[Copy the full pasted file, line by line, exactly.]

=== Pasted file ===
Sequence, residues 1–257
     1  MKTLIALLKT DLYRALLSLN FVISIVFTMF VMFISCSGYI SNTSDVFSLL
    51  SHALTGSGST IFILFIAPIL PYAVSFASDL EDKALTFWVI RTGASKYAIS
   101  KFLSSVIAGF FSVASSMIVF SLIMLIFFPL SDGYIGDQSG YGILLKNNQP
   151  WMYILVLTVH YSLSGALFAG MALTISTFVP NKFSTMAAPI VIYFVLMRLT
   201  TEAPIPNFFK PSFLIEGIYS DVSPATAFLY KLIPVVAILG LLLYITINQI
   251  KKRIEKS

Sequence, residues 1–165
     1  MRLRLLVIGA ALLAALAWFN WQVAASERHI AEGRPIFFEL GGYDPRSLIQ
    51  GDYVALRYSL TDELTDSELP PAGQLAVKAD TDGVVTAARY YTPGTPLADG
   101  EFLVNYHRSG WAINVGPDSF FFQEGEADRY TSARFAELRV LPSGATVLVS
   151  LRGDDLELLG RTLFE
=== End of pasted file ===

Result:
Sequence, residues 1–257
     1  MKTLIALLKT DLYRALLSLN FVISIVFTMF VMFISCSGYI SNTSDVFSLL
    51  SHALTGSGST IFILFIAPIL PYAVSFASDL EDKALTFWVI RTGASKYAIS
   101  KFLSSVIAGF FSVASSMIVF SLIMLIFFPL SDGYIGDQSG YGILLKNNQP
   151  WMYILVLTVH YSLSGALFAG MALTISTFVP NKFSTMAAPI VIYFVLMRLT
   201  TEAPIPNFFK PSFLIEGIYS DVSPATAFLY KLIPVVAILG LLLYITINQI
   251  KKRIEKS

Sequence, residues 1–165
     1  MRLRLLVIGA ALLAALAWFN WQVAASERHI AEGRPIFFEL GGYDPRSLIQ
    51  GDYVALRYSL TDELTDSELP PAGQLAVKAD TDGVVTAARY YTPGTPLADG
   101  EFLVNYHRSG WAINVGPDSF FFQEGEADRY TSARFAELRV LPSGATVLVS
   151  LRGDDLELLG RTLFE